Early Sunday morning, I woke up to nightmares. I almost never remember my dreams. I’m sure that I have bad dreams all the time trying to process what I am dealing with, but I just don’t remember them. Well, something changed, and Sunday morning set the pattern for the entire week. I woke up to nightmares at some point during every night/early morning last week, except for the final night. It reminded me to be grateful that I normally don’t remember my dreams, because if that was a taste of what is going on when I am doing heavy duty processing, I think that I will leave the dreams to my unconscious mind for that side of the work.

On Sunday morning, I managed to get back to sleep and woke up feeling somewhat better around the same time as my husband did. So we did what most couples would do on a vacation morning while their child is still asleep: we started to cuddle and kiss. At least we did until I suddenly was massively triggered into a child state and feeling terribly trapped.

I continued to feel dissociated during the day, although we did go out into the woods and to the beach and we played a new game as a family, so I still was functional. When I was active and out, I simply felt dissociated, as if part of me was being active with my family and doing the things that I enjoy but that part felt about 10 feet away. The rest of me was wrapped in a cocoon, and I couldn’t even touch the ground or really connect with anyone. Actually, it took me about three days to get to the point where I could even describe how I felt- I was that dissociated.

Much of the time when I was alone, I felt as though I was getting memory type flickers of things. Most of the time when that happened, I was able to not engage with them, although I do remember at one point clearly connecting with something and collapsing, curled up into a ball.

It was a very odd experience: I was doing things that I enjoy very much with my family on this beautiful island off the coast of Maine, but at the same time, internally, I was having a very different experience. The thing was that I was so numbed out and dissociated that I couldn’t even see that maybe I should be concerned about what was going on for the first few days.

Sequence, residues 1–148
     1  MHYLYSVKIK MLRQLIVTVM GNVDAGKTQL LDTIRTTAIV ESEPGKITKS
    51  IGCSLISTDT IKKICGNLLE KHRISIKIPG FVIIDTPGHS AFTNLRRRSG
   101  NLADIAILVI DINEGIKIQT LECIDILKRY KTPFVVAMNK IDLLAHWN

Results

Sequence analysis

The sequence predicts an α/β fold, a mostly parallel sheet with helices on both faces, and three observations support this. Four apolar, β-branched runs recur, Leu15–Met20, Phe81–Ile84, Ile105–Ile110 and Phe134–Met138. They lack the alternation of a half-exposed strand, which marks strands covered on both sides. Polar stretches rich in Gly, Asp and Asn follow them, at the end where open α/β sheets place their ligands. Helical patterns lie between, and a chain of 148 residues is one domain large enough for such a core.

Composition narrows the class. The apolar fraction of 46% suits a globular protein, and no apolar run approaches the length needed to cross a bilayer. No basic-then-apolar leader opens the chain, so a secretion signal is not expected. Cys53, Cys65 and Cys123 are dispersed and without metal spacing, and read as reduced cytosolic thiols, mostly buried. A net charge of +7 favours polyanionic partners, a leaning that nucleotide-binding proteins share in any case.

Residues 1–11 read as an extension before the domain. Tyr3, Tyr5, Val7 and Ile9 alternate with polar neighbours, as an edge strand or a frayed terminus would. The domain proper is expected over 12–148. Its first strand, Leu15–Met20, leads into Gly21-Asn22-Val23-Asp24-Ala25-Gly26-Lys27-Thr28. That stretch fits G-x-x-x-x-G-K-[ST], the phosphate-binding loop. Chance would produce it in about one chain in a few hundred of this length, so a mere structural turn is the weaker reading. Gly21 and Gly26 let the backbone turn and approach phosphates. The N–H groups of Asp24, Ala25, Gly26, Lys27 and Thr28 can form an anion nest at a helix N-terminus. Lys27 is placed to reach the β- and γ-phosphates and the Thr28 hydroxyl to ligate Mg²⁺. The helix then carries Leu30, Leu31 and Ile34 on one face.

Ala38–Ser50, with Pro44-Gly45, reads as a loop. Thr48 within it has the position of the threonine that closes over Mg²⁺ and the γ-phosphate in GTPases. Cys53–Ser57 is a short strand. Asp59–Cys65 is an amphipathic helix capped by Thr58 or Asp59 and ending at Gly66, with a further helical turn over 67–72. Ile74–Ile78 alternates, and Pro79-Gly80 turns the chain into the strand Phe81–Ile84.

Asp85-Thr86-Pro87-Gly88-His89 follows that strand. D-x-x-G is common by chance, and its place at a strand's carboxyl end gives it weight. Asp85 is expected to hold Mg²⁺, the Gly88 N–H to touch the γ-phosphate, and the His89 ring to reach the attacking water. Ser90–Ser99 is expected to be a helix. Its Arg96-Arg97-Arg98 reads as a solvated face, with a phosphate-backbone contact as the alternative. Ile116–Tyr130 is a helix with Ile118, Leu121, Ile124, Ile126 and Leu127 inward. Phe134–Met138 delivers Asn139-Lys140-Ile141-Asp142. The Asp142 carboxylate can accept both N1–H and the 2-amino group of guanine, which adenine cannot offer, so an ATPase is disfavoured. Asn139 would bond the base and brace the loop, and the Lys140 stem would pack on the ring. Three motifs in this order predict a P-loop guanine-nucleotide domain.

Monday morning was a repeat of Sunday. Tuesday morning was a repeat of Sunday and Monday. And I continued to go along in a dissociate state that I couldn’t seem to touch, no matter what grounding technique I used. Finally on Tuesday afternoon, I e-mailed Mama Bear, because by that point even I could see that something was going wrong, although, the thing that I could most clearly see was problematic was my physical relationship with my husband. Thankfully, the woman has good sense and pointed out that I was putting pressure on myself and working from expectations, not from what I actually wanted. Being sexual with my husband because of expectations simply would not work.

Once I took that pressure off of myself, things got somewhat better. I still was dissociated, but enough less so that I could actually figure out some of what I was experiencing. I felt trapped. I knew that I was being triggered by something, but I just couldn’t figure out what. There were things in the bedroom that we were in that made me uncomfortable, but not enough so to have this extreme of a reaction all day long. I had felt fine on the drive up to Maine, so it wasn’t that I had brought it with me. I just couldn’t figure it out, so I gave up on trying to figure it out.

At that point, we were mid way through our week on the island and I resigned myself to the fact that I might continue to feel that way for the rest of the vacation. However, I also kept in mind that I knew that I was not going to stay in that state forever. I wasn’t actually trapped in it, even if I felt trapped right then. The “knowing” me simply had to hold on to the knowledge that the state that I was in would ease at some point, even though the “experiencing” me was afraid that I was stuck in it long term. Panic wouldn’t help me in any way.

I also accepted the fact that I just wasn’t going to have the vacation that I wanted to have. It was frustrating and it wasn’t fair, but accepting it for what it was would make it easier for me to get out of it as much as I could. I might only be able to have 40% of the experience, but that was better than the 25% that I had been getting.

One of the most frustrating things for me was that I realized that extra stimulation increased the levels of dissociation. An 8 year old chattering at you and bouncing around is stimulating. Simply being around my daughter made things worse for me, much of the time. So we would take her out on hikes and walks on the beach and I would drop back and try to focus on little details, so help me ground into the experience. The different colors and textures of moss on a fallen tree. How things reflect in a pond when there is only a breath of wind. The iridescent colors in the mother of pearl on the inside of an abalone shell. Those connections to that moment helped me to take in as much of the experience and be as present as possible.